In the 1840 Democracy, Tocqueville exposed the preoccupation with material comfort which prevailed in democratic societies and then proceeded to explain his anxiety about such single-minded attachments. “The reproach I address to the principle of equality is not that it leads men away in the pursuit of forbidden enjoyments, but that it absorbs them wholly in quest of those which are allowed. By these means a kind of virtuous materialism may ultimately be established in the world, which would not corrupt, but enervate, the soul and noiselessly unbend its springs of action.”22
What he feared, in part, was the gradual fixation of men on their small, private material interests and their consequent failure to contribute time and energy to wider public concerns. So democratic materialism also hastened democratic individualisme; and the final result might well be the loss of liberty.23
Tocqueville’s formal definitions of individualisme (in manuscripts and text) usually stressed the withdrawal of individuals into petty private concerns and their indifference toward larger social issues. But his lengthy treatment in 1840 of democratic materialism added (though only implicitly) an additional feature to his definition: the relentless pursuit of physical ease for oneself and one’s family. This single-minded striving for well-being diverted the talents and energies of individuals from public life as effectively as any sense of isolation or weakness. So individualisme actually had two faces: one passive—helplessness and withdrawal; the other active—a passion for material comfort.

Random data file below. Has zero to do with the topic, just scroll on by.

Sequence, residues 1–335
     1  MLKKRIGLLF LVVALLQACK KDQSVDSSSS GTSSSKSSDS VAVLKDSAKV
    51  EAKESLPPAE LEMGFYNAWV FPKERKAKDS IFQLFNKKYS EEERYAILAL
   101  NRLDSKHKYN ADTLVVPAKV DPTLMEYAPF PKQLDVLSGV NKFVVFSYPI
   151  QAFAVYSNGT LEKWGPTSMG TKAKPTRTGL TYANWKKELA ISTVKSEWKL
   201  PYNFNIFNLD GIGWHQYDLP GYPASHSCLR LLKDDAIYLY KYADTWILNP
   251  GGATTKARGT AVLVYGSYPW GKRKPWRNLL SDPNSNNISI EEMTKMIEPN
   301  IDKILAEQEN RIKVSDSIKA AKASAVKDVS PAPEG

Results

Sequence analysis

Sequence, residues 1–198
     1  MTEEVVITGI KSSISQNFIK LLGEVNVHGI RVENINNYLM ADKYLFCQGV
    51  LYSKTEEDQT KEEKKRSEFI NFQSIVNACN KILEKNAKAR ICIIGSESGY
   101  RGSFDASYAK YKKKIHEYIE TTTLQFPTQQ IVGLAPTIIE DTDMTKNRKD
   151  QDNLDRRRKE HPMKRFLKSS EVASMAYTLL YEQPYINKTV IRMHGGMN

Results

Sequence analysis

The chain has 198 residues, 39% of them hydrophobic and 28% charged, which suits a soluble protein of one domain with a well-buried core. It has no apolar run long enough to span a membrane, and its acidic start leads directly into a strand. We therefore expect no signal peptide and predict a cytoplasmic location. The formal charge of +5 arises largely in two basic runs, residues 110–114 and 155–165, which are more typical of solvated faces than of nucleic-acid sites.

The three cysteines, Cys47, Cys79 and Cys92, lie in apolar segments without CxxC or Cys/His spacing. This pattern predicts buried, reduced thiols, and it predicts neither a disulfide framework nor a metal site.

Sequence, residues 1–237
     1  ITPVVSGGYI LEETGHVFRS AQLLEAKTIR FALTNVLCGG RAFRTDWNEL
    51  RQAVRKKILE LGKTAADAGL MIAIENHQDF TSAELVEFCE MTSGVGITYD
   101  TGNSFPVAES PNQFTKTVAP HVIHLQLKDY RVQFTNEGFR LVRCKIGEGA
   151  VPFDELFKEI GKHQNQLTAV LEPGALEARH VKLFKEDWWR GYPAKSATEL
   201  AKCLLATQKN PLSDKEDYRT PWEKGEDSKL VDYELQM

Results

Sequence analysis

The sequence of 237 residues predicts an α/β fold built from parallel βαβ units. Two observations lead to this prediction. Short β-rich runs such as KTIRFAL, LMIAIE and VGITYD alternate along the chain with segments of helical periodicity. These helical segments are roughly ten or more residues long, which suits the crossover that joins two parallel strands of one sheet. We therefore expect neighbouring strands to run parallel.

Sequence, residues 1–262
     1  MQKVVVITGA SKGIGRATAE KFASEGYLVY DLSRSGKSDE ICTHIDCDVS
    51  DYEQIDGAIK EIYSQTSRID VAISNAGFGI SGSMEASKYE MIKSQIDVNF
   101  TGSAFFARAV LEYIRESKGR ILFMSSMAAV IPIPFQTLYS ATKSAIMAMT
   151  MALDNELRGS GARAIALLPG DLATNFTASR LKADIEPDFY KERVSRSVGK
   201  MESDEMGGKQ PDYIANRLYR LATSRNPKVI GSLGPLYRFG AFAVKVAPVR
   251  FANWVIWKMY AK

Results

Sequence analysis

In Tocqueville’s broadening analysis of individualisme, the 1840 Democracy would not only disclose two major additional causes, the revolutionary spirit and materialism, but would also explore the possible intellectual results of individualisme. On an undated page from the 1840 “Rubish,” Tocqueville remarked that “There are in individualisme two kinds of effects that should be well distinguished so that they can be dealt with separately. 1. the moral effects, hearts isolate themselves; 2. the intellectual effects, minds isolate themselves.”24 And in a sheet enclosed with the original working manuscript of the chapter entitled “Concerning the Philosophical Approach of the Americans,” he surveyed the development of what he would call “indépendance individuelle de la pensée.”25
In the Middle Ages we saw that all opinions had to flow from authority; in those times philosophy itself, this natural antagonist to authority, took the form of authority; it clothed itself in the characteristics of a religion. After having created certain opinions by the free and individual force of certain minds, it imposed these opinions without discussion and compelled the [very] force that had given birth to it.
In the eighteenth century we arrived at the opposite extreme, that is, we pretended to appeal all things only to individual reason and to drive dogmatic beliefs away entirely. And just as in the Middle Ages we gave philosophy the form and the style of a religion, so in the eighteenth century we gave religion the form and the style of philosophy.
In our times, the movement still continues among minds of the second rank, but the others [know?] and admit that received and discovered beliefs, authority and liberty, individualisme and social force are all needed at the same time. The whole question is to sort out the limits of these pairs.